Sahand MoarefySahand Moarefy describes how the American structure of sanctions against Iran creates challenges for lifting nuclear-related sanctions while maintaining non-nuclear sanctions. He notes that because of years of placing sanctions on Iran for both nuclear and non-nuclear activities, it is tremendously difficult to untangle them and lift only a discrete set of sanctions, creating complex problems in the process of providing Iran with sanctions relief as described in the JCPOA. He suggests this problem can be addressed and the JCPOA preserved by emphasizing the unstable nature of the Iranian financial sector as a reason for foreign concern about investment, and offering Iranian banks a structure where they can engage in international business after an inspection process determines that they are not violating standing US sanctions. In the long term, he suggests policymakers shift how they apply sanctions in order to disentangle nuclear related sanctions from non-nuclear actions. To read an extended version of the report, please click here.

The Real Threat to the Iran Deal: Tehran's Banking System

Aaron ArnoldAaron Arnold, Associate of the Project on Managing the Atom at the Belfer Center, writes in The Diplomat that a key threat to the ongoing implementation of the Iran nuclear deal is the risky nature of the Iranian financial sector. While Iran is banking on receiving greater foreign investment, continued problems with the Iranian financial sector, including lack of sufficient regulatory controls and the potential ties to terrorist financing, have made companies cautious about investing in Iran. He suggests that the United States work with Iran to bring its banking system up to the same standard as the global economy, and to consider closer integration of Iran into the world economy in order to preserve the effects of the nuclear agreement.

Translation: Six “Historical Acts of Sabotage” between Iran and US

One year ago today, Israeli Prime Minister Benjamin Netanyahu addressed a joint session of Congress with the goal of derailing late-stage nuclear negotiations with Iran. His campaign failed, but the anniversary provides an opportunity to reflect on how efforts to sabotage rapprochement between Iran and the US have succeeded in the past.

The Iran-Saudi Conflict

The heightening of tensions between Riyadh and Tehran has become a significant factor in the regional politics of the Middle East.  While the cold war between Iran and Saudi Arabia is certainly not a new phenomenon, the recent execution of Sheikh Nimr by the Kingdom, the storming of the Saudi Embassy in Iran, and the end to formal diplomatic ties between the two countries signals a more dangerous chapter in the regional conflict. What are the perspectives from Iran and Saudi Arabia on the rising tensions? How do they view each other’s regional intentions and foreign policies? And, what steps can be taken to mitigate the conflict? To answer these questions, the Iran Project, led by Payam Mohseni, has solicited two pieces to provide us with vantage points representing how Iran and Saudi Arabia respectively view each other. Below, we are delighted to highlight HRH Abdulmajeed AlSaud’s article on behalf of the Saudi perspective, and Ambassador Seyed Hossein Mousavian and Mehrdad Saberi’s article on the Iranian perspective.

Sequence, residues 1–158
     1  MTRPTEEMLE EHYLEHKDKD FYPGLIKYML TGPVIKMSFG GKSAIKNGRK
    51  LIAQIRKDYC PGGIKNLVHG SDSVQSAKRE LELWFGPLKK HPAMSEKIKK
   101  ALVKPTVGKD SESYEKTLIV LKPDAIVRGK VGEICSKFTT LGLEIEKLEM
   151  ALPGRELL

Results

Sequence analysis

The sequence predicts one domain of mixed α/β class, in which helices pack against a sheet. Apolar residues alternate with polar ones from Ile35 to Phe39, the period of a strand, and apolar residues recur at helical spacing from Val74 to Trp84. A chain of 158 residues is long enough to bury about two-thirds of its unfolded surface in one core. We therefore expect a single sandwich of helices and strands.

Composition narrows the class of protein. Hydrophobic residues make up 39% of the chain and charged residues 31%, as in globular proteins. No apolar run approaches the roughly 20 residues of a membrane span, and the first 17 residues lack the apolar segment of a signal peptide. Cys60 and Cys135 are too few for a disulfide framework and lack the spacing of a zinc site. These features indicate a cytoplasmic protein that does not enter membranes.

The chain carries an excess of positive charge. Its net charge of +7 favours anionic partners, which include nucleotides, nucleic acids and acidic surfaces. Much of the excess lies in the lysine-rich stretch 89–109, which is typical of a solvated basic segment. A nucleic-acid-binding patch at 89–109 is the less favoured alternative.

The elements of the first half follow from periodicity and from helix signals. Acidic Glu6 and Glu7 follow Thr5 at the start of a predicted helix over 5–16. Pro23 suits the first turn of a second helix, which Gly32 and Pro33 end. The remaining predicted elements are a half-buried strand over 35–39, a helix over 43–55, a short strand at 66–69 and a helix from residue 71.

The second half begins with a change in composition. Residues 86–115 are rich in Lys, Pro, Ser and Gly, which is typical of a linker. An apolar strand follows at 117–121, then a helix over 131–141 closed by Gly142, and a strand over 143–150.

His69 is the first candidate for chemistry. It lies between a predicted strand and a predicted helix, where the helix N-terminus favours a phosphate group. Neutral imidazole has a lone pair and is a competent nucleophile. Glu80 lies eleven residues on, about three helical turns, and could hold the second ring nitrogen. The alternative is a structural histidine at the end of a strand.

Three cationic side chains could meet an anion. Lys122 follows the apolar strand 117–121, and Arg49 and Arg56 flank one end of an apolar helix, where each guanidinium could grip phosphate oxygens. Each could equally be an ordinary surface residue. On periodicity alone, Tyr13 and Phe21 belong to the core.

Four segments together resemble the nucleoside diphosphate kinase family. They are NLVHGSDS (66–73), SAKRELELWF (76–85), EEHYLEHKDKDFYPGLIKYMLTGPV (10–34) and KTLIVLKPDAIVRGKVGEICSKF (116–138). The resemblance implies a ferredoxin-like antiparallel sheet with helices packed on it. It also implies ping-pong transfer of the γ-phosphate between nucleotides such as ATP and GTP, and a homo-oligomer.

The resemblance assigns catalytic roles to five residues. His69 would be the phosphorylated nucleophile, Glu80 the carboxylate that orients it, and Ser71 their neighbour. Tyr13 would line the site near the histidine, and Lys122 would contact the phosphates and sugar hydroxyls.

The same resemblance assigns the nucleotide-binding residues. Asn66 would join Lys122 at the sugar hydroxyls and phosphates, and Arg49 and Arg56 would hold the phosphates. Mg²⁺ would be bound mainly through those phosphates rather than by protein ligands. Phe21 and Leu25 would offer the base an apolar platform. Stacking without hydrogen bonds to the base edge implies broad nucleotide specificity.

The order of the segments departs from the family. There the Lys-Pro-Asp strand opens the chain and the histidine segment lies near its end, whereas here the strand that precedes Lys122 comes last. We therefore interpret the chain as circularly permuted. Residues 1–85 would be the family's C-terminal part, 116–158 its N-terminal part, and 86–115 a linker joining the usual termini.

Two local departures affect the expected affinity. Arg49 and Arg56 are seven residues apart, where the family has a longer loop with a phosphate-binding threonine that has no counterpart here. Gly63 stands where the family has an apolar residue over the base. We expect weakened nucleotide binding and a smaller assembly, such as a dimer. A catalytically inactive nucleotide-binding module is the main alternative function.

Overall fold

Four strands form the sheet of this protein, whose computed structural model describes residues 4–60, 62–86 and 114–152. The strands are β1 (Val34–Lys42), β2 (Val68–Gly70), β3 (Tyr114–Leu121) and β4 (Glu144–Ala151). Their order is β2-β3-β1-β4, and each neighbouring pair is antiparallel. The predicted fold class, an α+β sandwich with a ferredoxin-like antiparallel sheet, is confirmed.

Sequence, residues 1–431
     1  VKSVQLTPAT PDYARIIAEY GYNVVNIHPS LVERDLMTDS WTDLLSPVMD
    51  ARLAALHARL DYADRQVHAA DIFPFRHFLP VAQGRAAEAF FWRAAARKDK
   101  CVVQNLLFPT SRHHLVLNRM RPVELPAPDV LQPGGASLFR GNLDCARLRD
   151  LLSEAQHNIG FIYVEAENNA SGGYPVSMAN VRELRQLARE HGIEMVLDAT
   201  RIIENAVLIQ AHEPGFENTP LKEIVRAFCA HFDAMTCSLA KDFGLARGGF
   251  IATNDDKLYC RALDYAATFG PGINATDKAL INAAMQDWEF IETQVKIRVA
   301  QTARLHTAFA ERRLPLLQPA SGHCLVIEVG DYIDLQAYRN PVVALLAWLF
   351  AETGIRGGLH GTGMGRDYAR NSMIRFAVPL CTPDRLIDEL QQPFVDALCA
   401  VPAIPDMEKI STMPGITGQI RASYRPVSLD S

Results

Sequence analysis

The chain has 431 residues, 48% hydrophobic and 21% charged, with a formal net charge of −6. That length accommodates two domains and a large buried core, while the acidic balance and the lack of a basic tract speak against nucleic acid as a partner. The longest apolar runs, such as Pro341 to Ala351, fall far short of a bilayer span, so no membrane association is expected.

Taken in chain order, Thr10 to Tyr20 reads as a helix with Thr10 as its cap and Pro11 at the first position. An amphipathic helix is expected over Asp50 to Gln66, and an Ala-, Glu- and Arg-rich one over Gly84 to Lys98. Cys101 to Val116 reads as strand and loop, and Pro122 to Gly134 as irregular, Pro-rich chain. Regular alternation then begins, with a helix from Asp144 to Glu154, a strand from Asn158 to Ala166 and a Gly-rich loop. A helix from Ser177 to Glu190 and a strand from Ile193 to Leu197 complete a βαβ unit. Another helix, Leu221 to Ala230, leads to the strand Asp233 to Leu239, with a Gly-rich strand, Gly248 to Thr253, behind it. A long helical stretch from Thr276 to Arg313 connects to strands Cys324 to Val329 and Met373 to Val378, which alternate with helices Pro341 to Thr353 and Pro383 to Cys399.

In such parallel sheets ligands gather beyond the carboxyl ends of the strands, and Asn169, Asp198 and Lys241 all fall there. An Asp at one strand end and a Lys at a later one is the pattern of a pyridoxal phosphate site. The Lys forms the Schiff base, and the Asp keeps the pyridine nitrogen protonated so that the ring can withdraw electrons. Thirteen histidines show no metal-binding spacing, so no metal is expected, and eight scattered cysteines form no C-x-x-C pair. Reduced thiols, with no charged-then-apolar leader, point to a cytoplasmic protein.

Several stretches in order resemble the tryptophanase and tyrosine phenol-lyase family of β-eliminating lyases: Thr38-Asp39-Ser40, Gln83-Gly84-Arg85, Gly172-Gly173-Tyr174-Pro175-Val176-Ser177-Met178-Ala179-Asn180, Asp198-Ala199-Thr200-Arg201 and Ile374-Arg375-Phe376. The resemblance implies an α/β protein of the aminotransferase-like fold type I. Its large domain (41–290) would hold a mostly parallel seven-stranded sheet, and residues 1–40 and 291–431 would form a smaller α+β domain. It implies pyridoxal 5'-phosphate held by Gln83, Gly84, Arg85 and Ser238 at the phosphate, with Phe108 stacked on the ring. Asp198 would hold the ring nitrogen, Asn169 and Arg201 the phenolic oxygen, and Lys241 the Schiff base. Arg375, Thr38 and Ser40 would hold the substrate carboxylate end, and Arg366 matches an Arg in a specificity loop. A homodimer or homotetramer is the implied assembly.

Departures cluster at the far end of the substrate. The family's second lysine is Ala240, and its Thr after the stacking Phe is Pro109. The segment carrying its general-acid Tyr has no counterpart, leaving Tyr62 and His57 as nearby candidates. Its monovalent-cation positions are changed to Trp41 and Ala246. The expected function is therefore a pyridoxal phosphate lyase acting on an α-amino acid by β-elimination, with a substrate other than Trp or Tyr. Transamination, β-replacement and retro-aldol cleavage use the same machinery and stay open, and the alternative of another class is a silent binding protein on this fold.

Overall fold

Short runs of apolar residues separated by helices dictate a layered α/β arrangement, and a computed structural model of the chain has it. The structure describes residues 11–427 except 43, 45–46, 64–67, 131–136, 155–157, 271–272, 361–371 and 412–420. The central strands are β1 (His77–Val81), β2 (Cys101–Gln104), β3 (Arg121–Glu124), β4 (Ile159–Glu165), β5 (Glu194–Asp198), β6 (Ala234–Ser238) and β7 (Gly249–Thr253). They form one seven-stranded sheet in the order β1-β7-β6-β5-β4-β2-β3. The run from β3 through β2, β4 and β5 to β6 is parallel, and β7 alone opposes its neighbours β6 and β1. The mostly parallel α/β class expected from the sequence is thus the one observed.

53 National Security Leaders Welcome Implementation of the Iran Nuclear Agreement

Graham AllisonJoseph NyeJim WalshGraham Allison, Director of the Belfer Center for Science and International Affairs, Joseph Nye, Harvard University Distinguished Service Professorand James Walsh, Research Associate with the Security Studies Program at MIT were among a group of 53 national security leaders and analysts who signed a statement supporting the implementation of the Iran nuclear agreement. The statement highlights the progress made by the agreement in limiting Iran's nuclear program and reaffirms, despite continued differences between the United States and Iran, the value of diplomacy in resolving international disputes.